America went to war last week and Hollywood headed for the bunkers, canceling travel plans and vowing to stay home until the situation in the Persian Gulf stabilizes.
Several film and tv studios have issued mandates against nonessential travel outside the U.S. Several others have discouraged such travel, without actually prohibiting it, and have put plans for overseas productions on hold. And almost everyone in town who must travel to Europe will be doing so on non-American carriers.
Disney was the first to act, issuing a memo at the executive level the day before American forces began bombing Baghdad. Aimed particularly at Imagineering employees traveling to and from the company’s new European Disneyland outside Paris, the memo read, “All travel to Europe… will be canceled.”
The memo further advised Disney employees to avoid American and British airlines and to use rail lines in Europe where possible. “Terrorist retaliation measures can be expected against all nations actively participating in the multinational armed forces,” the memo noted. “Do not stay around too long in public zones at airports or railway stations.”
Confirming the memo and the canceled travel plans, a spokesman said, “Some of our business units have curtailed all nonessential business travel to Europe. We’ve been told that… no one is going to be traveling. Everything has been postponed.”
A similar mood prevailed at several other studios. A senior Universal exec said the day of the invasion, “We’ve all been told that [the company] has no objection if we decide not to travel. We have a lot of business overseas, but personally I don’t want to be getting onto any airplanes for the next several weeks. I don’t want to be in Rome or Heathrow [airports].”
At Fox, a source admitted, “We’re changing our plans. For the time being, nobody is going anyplace.”
Sources at Paramount, Pathe, MGM/UA and Columbia/Tri-Star similarly reported unofficial word from above that travel plans were being inspected closely and probably would be postponed.
While travel bans surely will have a temporary economic impact on certain carriers, a more lasting financial effect may be felt at the insurance and completion bond level.
“There will be an increase in war risk and political risk [insurance] coverage,” says Film Finances Inc. exec v.p. Lindsley Parsons, who had to buy that kind of coverage when his company bonded director Alex Cox’ “Walker” on its shoot in Nicaragua.
“Filming is going to continue, but maybe not in the same places,” notes Intl. Film Guarantor’s Tekla Morgan, whose company bonded Menahem Golan’s just-wrapped Tel Aviv shoot, “Desert Shield.” “As the likelihood of terrorism goes up, as the risks go up, insurance costs are going to go up. We will have to purchase additional coverage.”
Parsons, Morgan and Completion Bond Co.’s Betty L. Smith all note that protection costs against shoots that are shut down or forced to relocate by military activity – or by cast or personnel who are hurt or killed in terrorist incidents – all will rise until the gulf crisis is resolved.
With few exceptions – a British tv shoot in Pakistan was shut down at the request of government officials eager to avoid terrorist incidents – overseas production has not yet been affected. But it is generally agreed that, if the gulf conflict involves protracted military engagement, it will.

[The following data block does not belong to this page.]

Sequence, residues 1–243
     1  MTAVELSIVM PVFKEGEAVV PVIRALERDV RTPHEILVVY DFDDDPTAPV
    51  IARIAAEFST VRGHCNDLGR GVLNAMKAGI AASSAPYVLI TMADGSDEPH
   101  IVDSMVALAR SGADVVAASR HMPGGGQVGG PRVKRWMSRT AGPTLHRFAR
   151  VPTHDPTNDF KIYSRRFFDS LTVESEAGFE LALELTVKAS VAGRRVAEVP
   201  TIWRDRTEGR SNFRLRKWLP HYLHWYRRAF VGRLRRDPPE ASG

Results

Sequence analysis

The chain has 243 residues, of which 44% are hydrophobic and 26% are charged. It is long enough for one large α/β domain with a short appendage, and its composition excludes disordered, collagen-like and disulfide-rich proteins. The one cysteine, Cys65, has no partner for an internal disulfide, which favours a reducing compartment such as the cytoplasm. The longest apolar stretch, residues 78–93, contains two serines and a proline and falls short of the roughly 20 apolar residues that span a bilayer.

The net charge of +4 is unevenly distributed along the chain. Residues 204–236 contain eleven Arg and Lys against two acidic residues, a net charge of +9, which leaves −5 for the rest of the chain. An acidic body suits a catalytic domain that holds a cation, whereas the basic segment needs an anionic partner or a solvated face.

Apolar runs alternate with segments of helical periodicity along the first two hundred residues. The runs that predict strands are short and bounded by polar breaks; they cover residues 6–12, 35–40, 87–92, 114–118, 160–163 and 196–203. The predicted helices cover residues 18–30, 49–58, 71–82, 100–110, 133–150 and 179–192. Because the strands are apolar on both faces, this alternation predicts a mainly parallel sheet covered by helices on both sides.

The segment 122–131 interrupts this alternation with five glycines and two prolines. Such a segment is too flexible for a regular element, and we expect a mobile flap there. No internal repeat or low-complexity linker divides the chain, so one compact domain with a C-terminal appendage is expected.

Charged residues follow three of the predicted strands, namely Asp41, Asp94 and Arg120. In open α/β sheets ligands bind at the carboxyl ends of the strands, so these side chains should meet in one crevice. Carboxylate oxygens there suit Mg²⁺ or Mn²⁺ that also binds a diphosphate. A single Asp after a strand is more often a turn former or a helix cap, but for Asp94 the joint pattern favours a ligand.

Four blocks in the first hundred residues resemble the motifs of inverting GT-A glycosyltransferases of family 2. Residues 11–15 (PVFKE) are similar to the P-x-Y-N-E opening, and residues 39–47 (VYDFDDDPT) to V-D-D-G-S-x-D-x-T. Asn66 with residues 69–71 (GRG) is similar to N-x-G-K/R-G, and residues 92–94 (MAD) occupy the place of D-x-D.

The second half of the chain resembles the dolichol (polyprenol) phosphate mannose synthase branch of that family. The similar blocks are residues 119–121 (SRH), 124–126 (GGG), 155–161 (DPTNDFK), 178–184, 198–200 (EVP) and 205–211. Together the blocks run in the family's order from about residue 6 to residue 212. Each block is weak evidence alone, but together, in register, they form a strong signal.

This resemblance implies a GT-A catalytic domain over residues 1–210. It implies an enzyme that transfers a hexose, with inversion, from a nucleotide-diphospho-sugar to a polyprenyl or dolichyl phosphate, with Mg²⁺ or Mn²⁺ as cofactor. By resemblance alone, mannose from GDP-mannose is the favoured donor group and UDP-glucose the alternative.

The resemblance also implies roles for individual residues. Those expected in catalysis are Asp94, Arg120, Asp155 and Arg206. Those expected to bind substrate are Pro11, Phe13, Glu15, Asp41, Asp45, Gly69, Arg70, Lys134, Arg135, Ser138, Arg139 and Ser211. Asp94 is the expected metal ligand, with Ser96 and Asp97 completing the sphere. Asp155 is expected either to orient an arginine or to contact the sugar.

And most of the major film studios have overseas shoots planned. Tri-Star, for example, recently wrapped the multi-location “Hudson Hawk,” and has “City Of Joy” shooting in India and David Lean’s “Nostromo” shooting in France and Spain. According to studio boss Mike Medavoy, “So far they are both going ahead. But we are monitoring this on an hourly basis.”
Fox has “Shining Through,” which wraps this week after weeks of location work in London and Berlin, and “Alien 3,” which began shooting at London locations last week – just one day before the American air attack on Baghdad began.
According to studio sources, executives are taking things “day by day. We won’t know how serious things are for a couple of weeks.”
Universal is involved with three productions, “Christopher Columbus,” shooting after an April start in Spain; “The Irish Story,” shooting some time in early summer in Ireland; and “Chaplin,” starting in England in March or April. Only the last is strictly a Universal production. Studio sources say that no decision has been made about the future of those productions.
Most other productions underway or to start shooting soon involve primarily European companies or executives – who claim to be much less concerned about their safety than their American counterparts.
“Europeans understand these things, and don’t worry about it so much,” says CineVox Intl.’s Ortwin Freyermuth. “They don’t feel the danger is that great or that different from what they are accustomed to.”
“These things are not affecting our plans at all,” says Vision Intl.’s Mark Damon, echoing Overseas Film Group’s Robbie Little, who says, “We have people traveling to Europe and we haven’t made any changes.”
“But the Americans are on the front line,” notes Freyermuth. “American airplanes are more logical targets for terrorists.”
That point strikes Americans and Europeans equally. Sources agree across the board that using American carriers is a bad idea. The Disney memo specifically noted that Pan Am and TWA “have drastically reduced security measures… for financial reasons,” and suggested that airliners from Switzerland, Finland, Sweden, Norway and Denmark should be favored. Sources with reservations on American or British carriers already have made changes.
“We won’t be flying any British or American airlines,” says Capitol Film’s John Rodsett, whose “Bilitis My Love” is skedded for a March 10 start date with locations in Paris, Amsterdam and Venice. “We are going on Swiss or Dutch airlines.”